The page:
A Healthy ExchangeBy John McCormick | Posted 2004-04-04 Email Print
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Veterans Affairs didn't have much to show for the half-billion dollars it spent on two projects—until some discipline helped muster the troops.
A Healthy Exchange
More ambitious was the project to permit the electronic exchange of medical records.
The Veterans Health Administration (VHA), a part of the VA and one of the world's largest deliverers of medical services, led the effort. Begun in 1998, the goal of its Government Computer-based Patient Record (GCPR) initiative was to build a system allowing physicians and other healthcare workers at 750 VA, 600 DoD and 550 Indian Health Service facilities to share medical records electronically. Indian Health Service is a government agency that provides healthcare to native Americans.
The VHA wanted to share everything from laboratory results to prescription information to radiology reports. "Essentially whatever was there to share," says acting deputy CIO Kolodner.
By August 2000, with $27.8 million spent, the GAO found the project wasn't anywhere near completion.
The project's scope was overwhelming. "What we were trying to do was huge," Kolodner says. Trying to coordinate and respond to the interests of the VA, DoD and Indian Health Services was a tall order. For instance, Kolodner says, each of the agencies had its own business cycles. The VA works its business plans year-by-year, he says, while the DoD works in five-year plans. In addition, the DoD was trying to create a new system for keeping its own medical records, even as it worked on the GCPR project to exchange records with its existing system.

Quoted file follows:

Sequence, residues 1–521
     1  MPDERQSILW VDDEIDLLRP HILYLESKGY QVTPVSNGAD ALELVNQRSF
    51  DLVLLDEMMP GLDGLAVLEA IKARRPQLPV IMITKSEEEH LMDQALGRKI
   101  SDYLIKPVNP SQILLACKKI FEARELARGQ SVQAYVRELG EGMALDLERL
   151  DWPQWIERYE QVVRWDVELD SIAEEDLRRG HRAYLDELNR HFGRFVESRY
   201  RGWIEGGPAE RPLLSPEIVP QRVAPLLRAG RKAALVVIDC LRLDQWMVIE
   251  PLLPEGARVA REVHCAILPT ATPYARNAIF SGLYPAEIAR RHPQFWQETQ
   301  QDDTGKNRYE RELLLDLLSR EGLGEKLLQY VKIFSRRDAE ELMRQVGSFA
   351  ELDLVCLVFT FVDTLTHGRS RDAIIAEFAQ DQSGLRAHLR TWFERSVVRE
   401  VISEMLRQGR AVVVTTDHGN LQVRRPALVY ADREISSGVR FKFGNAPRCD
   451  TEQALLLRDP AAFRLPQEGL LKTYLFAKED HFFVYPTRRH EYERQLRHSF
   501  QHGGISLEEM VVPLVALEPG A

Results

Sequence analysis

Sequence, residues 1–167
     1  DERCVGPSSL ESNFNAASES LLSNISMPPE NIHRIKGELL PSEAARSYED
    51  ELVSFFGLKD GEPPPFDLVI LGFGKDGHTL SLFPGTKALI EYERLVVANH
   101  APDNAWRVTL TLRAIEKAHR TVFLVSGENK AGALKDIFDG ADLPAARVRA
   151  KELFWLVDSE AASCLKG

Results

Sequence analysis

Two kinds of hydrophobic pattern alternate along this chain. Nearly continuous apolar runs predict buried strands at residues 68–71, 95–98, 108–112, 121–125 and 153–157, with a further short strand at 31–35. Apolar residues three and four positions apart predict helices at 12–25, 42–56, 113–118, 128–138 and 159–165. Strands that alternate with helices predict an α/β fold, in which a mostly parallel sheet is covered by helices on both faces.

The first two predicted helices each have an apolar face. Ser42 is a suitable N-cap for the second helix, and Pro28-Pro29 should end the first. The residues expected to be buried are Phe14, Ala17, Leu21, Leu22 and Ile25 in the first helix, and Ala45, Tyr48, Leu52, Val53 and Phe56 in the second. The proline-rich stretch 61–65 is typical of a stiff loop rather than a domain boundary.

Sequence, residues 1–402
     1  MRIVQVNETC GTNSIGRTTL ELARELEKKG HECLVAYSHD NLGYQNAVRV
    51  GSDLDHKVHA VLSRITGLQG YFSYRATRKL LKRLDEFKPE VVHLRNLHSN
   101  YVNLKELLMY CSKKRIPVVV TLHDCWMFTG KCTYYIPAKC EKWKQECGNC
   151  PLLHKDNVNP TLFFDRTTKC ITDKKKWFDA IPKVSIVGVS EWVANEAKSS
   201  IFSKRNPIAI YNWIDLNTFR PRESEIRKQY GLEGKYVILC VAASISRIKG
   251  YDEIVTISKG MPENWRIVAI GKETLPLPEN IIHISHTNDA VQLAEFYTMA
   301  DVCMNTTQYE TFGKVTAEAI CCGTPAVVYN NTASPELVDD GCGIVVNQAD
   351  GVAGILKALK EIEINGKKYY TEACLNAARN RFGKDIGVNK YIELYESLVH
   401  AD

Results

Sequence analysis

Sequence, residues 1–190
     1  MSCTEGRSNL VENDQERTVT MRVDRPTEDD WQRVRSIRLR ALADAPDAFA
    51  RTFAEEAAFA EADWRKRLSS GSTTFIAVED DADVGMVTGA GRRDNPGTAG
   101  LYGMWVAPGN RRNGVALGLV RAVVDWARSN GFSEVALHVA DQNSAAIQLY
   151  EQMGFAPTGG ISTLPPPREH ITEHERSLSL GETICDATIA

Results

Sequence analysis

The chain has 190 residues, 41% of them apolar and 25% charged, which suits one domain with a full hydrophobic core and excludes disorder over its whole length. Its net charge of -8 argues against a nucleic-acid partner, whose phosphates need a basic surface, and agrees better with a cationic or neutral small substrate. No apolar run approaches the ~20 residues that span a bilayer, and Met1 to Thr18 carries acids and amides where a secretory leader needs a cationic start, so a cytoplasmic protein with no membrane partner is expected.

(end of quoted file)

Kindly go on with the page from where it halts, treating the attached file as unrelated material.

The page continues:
Just like VetsNet, managers of the GCPR initiative failed to adhere to elementary practices. Among the project's deficiencies, according to the GAO: a lack of clear goals; inadequate plans for swapping the data, which each organization kept in different formats; and dubious definitions of how the electronic transfers would take place.
The agencies, for instance, had to figure out how to identify a patient. The DoD used Social Security numbers to keep track of patients. The Indian Health Service used a system that generated unique IDs for each of its patients.
Faced with such conflicts, the project's managers began to think of folding the project. "That was a concern," Kolodner says.
The idea of doing less gradually become more acceptable. The DoD had worked out a system using an emerging healthcare-industry messaging standard called Health Level 7 that would allow it to send medical records to parties that request them. So, in April 2001, DoD and VA information-technology managers okayed the decision to minimize the project to a one-way transmission of data, from the DoD to the VA. The Indian Health Service withdrew from the project altogether.
The scaled-down effort was named the Federal Health Information Exchange (FHIE). The DoD would transmit lab results, pharmacy records, radiology reports and other medical information to the VA, over a virtual private network. The records would be put into a repository that would store information on almost 2 million patients. Through the repository, clinicians would be able to access and display the DoD data, along with VA records.
"It was a decision to say we had to getting something working—in the real world, in production—quickly," says Michael Luby, director of information technology solutions at Northrop Grumman Information Technology, a systems integrator working on both FHIE and VetsNet.